Andritz (VIE:ANDR) Seems To Use Debt Quite Sensibly

By
Simply Wall St
Published
May 10, 2022
WBAG:ANDR
Source: Shutterstock

The external fund manager backed by Berkshire Hathaway's Charlie Munger, Li Lu, makes no bones about it when he says 'The biggest investment risk is not the volatility of prices, but whether you will suffer a permanent loss of capital.' So it seems the smart money knows that debt - which is usually involved in bankruptcies - is a very important factor, when you assess how risky a company is. As with many other companies Andritz AG (VIE:ANDR) makes use of debt. But the real question is whether this debt is making the company risky.

When Is Debt Dangerous?

Debt is a tool to help businesses grow, but if a business is incapable of paying off its lenders, then it exists at their mercy. Part and parcel of capitalism is the process of 'creative destruction' where failed businesses are mercilessly liquidated by their bankers. However, a more usual (but still expensive) situation is where a company must dilute shareholders at a cheap share price simply to get debt under control. Of course, plenty of companies use debt to fund growth, without any negative consequences. The first step when considering a company's debt levels is to consider its cash and debt together.

View our latest analysis for Andritz

What Is Andritz's Net Debt?

As you can see below, Andritz had €1.06b of debt at March 2022, down from €1.29b a year prior. However, its balance sheet shows it holds €1.91b in cash, so it actually has €849.9m net cash.

debt-equity-history-analysis
WBAG:ANDR Debt to Equity History May 10th 2022

How Strong Is Andritz's Balance Sheet?

According to the last reported balance sheet, Andritz had liabilities of €4.41b due within 12 months, and liabilities of €1.88b due beyond 12 months. Offsetting these obligations, it had cash of €1.91b as well as receivables valued at €2.32b due within 12 months. So it has liabilities totalling €2.05b more than its cash and near-term receivables, combined.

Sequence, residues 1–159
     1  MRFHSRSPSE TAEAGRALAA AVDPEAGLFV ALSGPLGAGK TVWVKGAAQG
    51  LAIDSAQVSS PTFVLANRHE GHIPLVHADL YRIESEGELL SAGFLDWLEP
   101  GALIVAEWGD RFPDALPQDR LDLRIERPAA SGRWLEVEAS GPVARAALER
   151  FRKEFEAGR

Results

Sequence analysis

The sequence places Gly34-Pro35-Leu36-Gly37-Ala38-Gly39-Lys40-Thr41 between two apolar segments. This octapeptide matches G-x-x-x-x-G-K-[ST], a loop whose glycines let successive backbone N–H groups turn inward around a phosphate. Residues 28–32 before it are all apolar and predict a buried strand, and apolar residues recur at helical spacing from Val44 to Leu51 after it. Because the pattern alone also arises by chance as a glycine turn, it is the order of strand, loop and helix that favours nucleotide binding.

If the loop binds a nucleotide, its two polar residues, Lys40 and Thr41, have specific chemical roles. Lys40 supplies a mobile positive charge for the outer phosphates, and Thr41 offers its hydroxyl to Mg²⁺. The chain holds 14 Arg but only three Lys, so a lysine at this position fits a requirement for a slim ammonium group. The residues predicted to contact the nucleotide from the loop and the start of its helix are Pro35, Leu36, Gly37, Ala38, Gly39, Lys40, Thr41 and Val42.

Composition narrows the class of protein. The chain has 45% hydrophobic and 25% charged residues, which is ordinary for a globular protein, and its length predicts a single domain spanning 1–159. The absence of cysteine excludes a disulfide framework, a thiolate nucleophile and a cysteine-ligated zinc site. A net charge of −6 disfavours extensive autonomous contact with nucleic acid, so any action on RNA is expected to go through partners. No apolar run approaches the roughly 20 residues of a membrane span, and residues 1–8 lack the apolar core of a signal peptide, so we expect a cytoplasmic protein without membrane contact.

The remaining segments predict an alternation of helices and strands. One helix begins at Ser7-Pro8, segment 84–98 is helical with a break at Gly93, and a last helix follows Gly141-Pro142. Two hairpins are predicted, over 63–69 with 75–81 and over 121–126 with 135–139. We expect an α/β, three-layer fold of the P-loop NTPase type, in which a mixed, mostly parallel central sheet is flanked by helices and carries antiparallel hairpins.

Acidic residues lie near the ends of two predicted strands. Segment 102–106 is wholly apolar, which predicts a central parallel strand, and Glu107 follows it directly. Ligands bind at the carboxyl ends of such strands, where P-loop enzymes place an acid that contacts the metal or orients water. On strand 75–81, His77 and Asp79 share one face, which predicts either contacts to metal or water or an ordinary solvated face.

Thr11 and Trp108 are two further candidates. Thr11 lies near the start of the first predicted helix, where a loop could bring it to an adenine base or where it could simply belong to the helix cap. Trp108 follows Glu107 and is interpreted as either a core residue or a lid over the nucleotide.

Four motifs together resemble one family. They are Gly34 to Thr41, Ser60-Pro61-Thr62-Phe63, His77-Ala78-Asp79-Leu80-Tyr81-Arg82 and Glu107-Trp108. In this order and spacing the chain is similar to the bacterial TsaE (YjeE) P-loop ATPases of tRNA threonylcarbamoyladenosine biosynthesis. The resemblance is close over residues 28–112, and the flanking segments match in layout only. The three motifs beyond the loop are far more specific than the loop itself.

While this might seem like a lot, it is not so bad since Andritz has a market capitalization of €3.85b, and so it could probably strengthen its balance sheet by raising capital if it needed to. But we definitely want to keep our eyes open to indications that its debt is bringing too much risk. While it does have liabilities worth noting, Andritz also has more cash than debt, so we're pretty confident it can manage its debt safely.

Also good is that Andritz grew its EBIT at 17% over the last year, further increasing its ability to manage debt. When analysing debt levels, the balance sheet is the obvious place to start. But ultimately the future profitability of the business will decide if Andritz can strengthen its balance sheet over time. So if you want to see what the professionals think, you might find this free report on analyst profit forecasts to be interesting.

Finally, a company can only pay off debt with cold hard cash, not accounting profits. Andritz may have net cash on the balance sheet, but it is still interesting to look at how well the business converts its earnings before interest and tax (EBIT) to free cash flow, because that will influence both its need for, and its capacity to manage debt. Happily for any shareholders, Andritz actually produced more free cash flow than EBIT over the last three years. There's nothing better than incoming cash when it comes to staying in your lenders' good graces.

Summing up

While Andritz does have more liabilities than liquid assets, it also has net cash of €849.9m. And it impressed us with free cash flow of €563m, being 200% of its EBIT. So is Andritz's debt a risk? It doesn't seem so to us. When analysing debt levels, the balance sheet is the obvious place to start. However, not all investment risk resides within the balance sheet - far from it. For example - Andritz has 1 warning sign we think you should be aware of.

At the end of the day, it's often better to focus on companies that are free from net debt. You can access our special list of such companies (all with a track record of profit growth). It's free.

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